Articles Posted in Motorcycle Accidents

dump truckIn a recent unpublished North Carolina appellate decision, the plaintiff appealed the dismissal of an insurer in his motorcycle accident case. The case arose while he was operating the motorcycle on a state road, and a large truck going too fast around a curve in the road swerved and dumped gravel around him. The spray of debris hit the plaintiff, who lost control of the vehicle and crashed it. The truck didn’t stop, and they couldn’t identify either the driver or the truck’s owner. The plaintiff was injured.

At the time of the accident, the motorcyclist was insured under an automobile policy with Progressive and another one with USAA General. He sued both insurers, seeking uninsured motorist coverage. The claims were denied. Progressive claimed that uninsured motorist coverage wasn’t triggered because there was no physical contact between the plaintiff and the uninsured vehicle or the dump truck and the plaintiff. The insurer claimed that the object that hit the plaintiff had to be part of the equipment on the hit and run vehicle in order for uninsured motorist coverage to be triggered.

The plaintiff sued Progressive and USAA General, asserting numerous claims, including breach of contract and bad faith. He submitted an eyewitness’ affidavit, stating that she saw the debris from the dump truck make direct contact with the plaintiff and his motorcycle, which would other wise not have crashed. She also stated that it appeared there was nothing the plaintiff could have done to avoid the accident.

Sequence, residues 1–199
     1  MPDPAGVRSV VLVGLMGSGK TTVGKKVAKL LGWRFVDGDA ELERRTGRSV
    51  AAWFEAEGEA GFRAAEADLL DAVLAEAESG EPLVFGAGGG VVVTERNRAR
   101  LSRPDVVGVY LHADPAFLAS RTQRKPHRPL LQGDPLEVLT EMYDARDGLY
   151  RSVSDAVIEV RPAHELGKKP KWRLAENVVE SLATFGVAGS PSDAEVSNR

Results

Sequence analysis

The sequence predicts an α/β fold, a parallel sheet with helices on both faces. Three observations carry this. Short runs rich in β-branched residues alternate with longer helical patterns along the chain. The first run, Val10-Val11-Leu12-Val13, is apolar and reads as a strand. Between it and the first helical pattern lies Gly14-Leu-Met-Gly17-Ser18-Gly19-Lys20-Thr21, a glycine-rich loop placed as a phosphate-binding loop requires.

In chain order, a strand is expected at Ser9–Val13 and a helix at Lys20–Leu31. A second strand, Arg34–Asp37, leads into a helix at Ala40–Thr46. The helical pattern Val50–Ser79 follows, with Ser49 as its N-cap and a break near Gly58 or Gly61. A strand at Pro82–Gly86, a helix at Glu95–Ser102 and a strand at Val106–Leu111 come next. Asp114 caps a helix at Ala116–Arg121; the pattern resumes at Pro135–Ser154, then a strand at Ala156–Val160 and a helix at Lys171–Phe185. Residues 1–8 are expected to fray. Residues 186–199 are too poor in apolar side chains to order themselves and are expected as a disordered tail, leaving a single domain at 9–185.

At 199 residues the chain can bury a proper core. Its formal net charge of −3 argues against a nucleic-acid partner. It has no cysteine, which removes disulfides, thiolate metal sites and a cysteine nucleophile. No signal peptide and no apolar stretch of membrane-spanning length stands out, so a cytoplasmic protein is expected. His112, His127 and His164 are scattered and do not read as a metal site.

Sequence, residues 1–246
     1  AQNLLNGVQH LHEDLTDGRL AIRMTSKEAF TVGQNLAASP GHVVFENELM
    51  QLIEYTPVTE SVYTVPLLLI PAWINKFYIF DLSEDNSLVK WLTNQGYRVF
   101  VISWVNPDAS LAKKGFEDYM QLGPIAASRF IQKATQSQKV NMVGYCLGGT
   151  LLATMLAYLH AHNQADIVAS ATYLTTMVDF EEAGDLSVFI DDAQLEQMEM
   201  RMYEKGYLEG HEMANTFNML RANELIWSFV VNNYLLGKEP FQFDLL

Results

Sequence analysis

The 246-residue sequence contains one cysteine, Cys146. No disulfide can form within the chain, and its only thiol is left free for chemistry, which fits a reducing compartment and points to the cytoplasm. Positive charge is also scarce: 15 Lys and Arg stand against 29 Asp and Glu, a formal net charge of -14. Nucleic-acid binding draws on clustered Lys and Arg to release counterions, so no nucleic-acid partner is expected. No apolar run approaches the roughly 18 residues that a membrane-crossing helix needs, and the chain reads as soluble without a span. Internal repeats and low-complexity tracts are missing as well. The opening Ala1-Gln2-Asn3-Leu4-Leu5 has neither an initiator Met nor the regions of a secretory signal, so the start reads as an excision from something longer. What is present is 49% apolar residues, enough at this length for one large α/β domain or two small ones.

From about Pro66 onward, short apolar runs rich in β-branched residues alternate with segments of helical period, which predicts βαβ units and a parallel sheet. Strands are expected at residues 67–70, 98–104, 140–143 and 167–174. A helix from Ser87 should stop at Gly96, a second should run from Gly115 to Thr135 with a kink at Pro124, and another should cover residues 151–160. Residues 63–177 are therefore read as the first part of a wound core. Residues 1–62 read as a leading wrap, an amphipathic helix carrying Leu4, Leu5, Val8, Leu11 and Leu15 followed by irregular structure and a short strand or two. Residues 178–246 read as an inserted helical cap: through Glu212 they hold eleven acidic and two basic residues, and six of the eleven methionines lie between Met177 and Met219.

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motorcycleHow an underinsured motorist policy provision is interpreted can make a big difference to how much compensation is recovered in an accident in which a North Carolina driver’s insurance doesn’t cover all of an accident victim’s damages. In the unpublished opinion of Integon National Insurance Company v. King, a North Carolina Court of Appeals considered underinsured insurance coverage for a motorcycle accident case. The insurance company asked the court to declare it had no duty or obligation to two deceased people’s estates beyond its underinsured motorist limits of $100,000, minus what these claimants received from the at-fault driver and her insurer.

The accident arose when an insured motorcyclist (King) drove his Harley-Davidson motorcycle with a passenger (Turner). A driver (Skipper) with three passengers lost control of her car and hit the motorcycle, killing the motorcyclist and passenger. When the accident happened, the insurance company insured the car through an automobile liability insurance policy with limits of $30,000 per person and $60,000 per accident. The insurer distributed the $60,000 among the three passengers in the car as well as the estates of the decedents, King and Turner. This exhausted coverage.

The insurance company also insured King through a motorcycle insurance policy that included underinsured motorist coverage with maximum limits for bodily injury of $100,000 per person and $300,000 per accident. Under the policy, the insurer paid the King and Turner estates $82,072 in underinsured motorist benefits. Each estate got $100,000 for the Skipper and King policies, based on the per person limit.

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motorcycleIn some motorcycle accident cases in North Carolina, intervening negligence by the plaintiff becomes an issue. An intervening negligent act is a new legal cause that breaks the connection between the injuries and the original cause, and therefore it becomes solely responsible for the injuries.